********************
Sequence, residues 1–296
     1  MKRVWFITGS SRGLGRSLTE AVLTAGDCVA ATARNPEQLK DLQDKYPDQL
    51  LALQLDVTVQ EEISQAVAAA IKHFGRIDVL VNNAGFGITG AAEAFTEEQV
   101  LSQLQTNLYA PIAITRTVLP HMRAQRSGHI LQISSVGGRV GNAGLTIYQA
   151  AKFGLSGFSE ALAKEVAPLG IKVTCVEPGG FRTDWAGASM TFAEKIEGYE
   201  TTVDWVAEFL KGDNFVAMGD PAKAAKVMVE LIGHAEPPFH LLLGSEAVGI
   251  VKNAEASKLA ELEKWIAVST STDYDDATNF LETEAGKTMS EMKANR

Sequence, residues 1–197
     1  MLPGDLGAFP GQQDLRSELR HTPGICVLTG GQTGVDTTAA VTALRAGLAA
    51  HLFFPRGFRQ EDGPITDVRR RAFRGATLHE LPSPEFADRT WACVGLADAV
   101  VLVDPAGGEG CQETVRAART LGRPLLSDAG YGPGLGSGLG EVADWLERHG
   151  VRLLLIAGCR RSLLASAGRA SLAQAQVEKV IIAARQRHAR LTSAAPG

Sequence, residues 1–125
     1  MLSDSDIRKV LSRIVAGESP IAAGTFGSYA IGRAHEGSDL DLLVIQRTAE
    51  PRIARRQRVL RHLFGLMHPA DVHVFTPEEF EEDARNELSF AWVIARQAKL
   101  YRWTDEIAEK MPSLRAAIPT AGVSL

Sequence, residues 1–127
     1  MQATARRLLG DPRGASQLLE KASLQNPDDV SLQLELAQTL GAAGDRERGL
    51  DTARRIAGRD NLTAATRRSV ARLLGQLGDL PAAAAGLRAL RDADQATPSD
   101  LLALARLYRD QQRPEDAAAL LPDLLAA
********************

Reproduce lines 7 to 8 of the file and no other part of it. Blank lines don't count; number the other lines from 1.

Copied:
   251  VKNAEASKLA ELEKWIAVST STDYDDATNF LETEAGKTMS EMKANR

Sequence, residues 1–197